Self-Assembled Hyaluronan (HA) NG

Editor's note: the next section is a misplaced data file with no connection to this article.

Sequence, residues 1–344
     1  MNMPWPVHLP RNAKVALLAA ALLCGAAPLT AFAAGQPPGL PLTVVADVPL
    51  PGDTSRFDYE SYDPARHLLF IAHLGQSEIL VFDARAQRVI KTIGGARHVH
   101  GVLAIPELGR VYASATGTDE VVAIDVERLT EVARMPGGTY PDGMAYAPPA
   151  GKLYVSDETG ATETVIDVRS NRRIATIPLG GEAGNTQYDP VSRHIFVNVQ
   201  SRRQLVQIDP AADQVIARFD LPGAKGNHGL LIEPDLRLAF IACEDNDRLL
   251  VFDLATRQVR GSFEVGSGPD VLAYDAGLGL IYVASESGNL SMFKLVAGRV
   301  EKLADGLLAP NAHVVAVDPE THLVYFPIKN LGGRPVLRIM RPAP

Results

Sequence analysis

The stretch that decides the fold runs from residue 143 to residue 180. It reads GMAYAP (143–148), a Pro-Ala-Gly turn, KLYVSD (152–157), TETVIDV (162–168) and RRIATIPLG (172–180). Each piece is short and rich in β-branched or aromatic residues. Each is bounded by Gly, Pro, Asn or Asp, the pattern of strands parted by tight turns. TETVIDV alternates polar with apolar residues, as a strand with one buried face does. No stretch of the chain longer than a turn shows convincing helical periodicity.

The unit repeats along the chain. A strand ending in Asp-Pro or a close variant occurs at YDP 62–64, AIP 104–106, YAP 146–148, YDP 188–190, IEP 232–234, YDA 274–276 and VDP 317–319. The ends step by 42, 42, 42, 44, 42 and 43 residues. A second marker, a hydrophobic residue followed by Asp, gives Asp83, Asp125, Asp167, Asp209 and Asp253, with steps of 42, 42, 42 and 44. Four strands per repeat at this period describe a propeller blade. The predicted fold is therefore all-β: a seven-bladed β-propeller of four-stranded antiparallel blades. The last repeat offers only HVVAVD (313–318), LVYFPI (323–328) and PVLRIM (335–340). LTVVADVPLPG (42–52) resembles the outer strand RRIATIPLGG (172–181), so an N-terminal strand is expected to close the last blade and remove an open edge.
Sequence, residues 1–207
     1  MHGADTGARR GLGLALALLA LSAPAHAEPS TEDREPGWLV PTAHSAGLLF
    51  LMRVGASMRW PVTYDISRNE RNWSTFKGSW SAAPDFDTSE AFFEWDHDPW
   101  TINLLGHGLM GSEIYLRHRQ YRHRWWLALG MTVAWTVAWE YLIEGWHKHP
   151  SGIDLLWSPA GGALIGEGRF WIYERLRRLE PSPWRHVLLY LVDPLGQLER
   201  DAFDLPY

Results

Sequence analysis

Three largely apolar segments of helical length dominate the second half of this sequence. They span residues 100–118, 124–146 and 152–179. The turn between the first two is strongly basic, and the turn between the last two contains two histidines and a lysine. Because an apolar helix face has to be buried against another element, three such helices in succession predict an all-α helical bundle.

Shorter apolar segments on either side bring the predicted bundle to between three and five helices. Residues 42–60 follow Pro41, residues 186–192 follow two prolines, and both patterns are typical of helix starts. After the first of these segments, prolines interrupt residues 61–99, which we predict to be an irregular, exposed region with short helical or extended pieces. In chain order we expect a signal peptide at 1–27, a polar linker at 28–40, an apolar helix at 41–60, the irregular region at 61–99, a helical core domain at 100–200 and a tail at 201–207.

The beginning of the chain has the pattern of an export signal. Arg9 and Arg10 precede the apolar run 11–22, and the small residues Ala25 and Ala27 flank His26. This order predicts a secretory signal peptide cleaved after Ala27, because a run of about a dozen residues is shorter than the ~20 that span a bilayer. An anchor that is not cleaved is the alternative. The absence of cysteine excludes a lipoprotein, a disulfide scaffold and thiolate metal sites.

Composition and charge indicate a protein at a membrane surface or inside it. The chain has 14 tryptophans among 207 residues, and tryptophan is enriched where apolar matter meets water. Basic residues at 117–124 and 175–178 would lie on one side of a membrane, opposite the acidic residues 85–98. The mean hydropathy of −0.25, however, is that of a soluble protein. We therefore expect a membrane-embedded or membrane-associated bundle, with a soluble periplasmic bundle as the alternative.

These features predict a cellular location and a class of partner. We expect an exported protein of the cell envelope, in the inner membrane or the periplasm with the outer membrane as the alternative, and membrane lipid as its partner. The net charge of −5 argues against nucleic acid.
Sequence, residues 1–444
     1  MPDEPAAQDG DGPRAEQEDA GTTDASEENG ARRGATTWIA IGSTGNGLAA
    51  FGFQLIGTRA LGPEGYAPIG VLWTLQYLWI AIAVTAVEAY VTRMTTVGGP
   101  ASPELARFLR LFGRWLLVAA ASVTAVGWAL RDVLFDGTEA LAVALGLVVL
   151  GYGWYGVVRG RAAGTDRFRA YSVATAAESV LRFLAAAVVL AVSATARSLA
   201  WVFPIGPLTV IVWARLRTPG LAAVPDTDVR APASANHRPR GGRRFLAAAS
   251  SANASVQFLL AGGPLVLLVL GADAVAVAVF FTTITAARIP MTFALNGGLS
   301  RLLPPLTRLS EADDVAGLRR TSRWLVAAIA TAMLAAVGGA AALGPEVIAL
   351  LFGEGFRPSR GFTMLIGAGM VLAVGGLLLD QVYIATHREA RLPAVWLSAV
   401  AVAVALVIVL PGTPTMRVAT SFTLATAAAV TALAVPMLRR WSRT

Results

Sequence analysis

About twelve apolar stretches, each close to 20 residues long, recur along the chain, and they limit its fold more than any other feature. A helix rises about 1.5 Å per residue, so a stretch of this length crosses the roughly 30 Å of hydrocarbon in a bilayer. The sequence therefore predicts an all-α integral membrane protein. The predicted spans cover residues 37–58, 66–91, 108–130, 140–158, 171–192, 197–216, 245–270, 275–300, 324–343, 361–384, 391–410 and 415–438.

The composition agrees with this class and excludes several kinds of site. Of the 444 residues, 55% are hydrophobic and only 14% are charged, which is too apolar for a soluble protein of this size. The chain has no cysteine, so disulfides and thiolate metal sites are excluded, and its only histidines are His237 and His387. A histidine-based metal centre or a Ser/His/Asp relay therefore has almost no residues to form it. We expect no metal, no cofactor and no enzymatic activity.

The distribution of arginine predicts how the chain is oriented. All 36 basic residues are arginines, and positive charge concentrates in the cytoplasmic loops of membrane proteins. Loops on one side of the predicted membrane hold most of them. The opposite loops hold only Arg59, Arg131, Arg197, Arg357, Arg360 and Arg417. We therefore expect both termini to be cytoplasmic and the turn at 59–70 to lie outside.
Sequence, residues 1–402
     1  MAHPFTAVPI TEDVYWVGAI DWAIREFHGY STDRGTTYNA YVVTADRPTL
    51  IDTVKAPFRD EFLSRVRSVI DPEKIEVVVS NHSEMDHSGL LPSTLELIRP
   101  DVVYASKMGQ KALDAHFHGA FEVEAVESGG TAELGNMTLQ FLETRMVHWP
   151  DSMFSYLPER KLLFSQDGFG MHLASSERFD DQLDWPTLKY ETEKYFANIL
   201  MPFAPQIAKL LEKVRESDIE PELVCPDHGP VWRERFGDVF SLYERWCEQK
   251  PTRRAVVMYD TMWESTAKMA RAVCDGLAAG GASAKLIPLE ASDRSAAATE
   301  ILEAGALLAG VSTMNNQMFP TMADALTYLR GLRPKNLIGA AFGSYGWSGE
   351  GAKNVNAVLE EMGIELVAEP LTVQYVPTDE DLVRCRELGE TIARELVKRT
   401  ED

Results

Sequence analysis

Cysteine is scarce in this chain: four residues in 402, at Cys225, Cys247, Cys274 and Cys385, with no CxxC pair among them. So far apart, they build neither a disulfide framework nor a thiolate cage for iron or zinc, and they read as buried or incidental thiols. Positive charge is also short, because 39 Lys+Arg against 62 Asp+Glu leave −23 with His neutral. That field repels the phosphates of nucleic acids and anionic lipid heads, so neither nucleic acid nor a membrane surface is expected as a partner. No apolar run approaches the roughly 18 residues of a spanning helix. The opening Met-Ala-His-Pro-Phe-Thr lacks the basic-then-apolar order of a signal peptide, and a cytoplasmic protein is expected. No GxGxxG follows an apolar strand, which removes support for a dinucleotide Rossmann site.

Besides the CS and ALG, the reports of HA for PS NG preparation are increasing quickly for the past decade. HA, also named as hyaluronic acid and hyaluronate, is a linear and non-sulfated PS composed of repeating disaccharides of D-glucuronic acid and N-acetyl-D-glucosamine units (Jeong et al., 2008). HA is highly negatively charged and a major component of the extracellular matrix of mammalian cells (Debele et al., 2016; Miao et al., 2018; Yu et al., 2020). Due to its excellent biocompatibility, low cost, non-immunogenicity, and water-binding properties, HA has been used for dermal filler, joint lubrication, prevention of surgical adhesion, dietary supplements, and eye drops (Valachova et al., 2016; Kim et al., 2017). HA could be specifically recognized by its receptors such as CD44, endocytosed and trafficked to endolysosomes, degraded by hyaluronidase, and then recycled for HA synthesis (Gao et al., 2021). Consequently, the HA-based drug delivery system could realize CD44-targeting as well as hyaluronidase-responsive drug delivery for different cancers. The carboxylic acid, N-acetyl groups, and primary and secondary hydroxyl groups on HA provide chemical modification sites to produce numerous HA derivatives, such as HA-drug conjugates, which have entered the clinical trials (Miao et al., 2018). The carboxyl groups of HA also provide non-covalent cross-linking sites for both Fe3+ and cisplatin to generate NG through self-assembly (Jeong et al., 2008; Isayeva et al., 2010; Tian et al., 2016; Zhang and Tung, 2017).